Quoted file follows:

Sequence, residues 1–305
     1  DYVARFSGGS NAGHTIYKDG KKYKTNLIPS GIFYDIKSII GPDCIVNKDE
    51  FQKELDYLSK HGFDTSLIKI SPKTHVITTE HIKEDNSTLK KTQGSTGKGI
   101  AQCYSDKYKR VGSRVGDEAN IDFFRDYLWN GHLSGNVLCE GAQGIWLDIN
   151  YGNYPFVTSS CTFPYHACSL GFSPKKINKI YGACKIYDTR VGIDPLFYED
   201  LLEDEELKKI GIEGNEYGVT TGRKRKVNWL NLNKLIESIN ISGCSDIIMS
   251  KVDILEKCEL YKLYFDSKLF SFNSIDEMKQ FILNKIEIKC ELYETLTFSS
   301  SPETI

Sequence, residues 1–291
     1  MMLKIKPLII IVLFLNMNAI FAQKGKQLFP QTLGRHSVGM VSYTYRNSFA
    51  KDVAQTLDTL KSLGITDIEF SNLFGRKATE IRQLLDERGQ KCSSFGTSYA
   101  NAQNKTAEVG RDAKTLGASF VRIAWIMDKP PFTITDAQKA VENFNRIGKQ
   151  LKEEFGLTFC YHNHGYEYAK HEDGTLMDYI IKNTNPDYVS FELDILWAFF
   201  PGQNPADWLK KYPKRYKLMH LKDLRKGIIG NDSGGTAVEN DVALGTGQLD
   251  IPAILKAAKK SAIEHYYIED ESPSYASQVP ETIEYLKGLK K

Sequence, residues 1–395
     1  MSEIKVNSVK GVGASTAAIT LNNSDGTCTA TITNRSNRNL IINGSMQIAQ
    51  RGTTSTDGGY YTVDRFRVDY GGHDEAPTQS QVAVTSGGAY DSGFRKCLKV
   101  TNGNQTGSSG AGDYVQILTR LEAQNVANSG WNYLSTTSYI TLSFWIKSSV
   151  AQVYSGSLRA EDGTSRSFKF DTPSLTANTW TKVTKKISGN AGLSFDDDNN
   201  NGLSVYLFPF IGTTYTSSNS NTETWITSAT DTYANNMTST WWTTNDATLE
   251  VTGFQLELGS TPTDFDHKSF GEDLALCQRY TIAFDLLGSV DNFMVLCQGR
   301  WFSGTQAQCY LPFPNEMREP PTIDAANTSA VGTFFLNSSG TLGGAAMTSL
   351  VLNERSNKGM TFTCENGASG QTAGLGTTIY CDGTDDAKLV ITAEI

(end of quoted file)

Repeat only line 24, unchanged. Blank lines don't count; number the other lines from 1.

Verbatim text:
   351  VLNERSNKGM TFTCENGASG QTAGLGTTIY CDGTDDAKLV ITAEI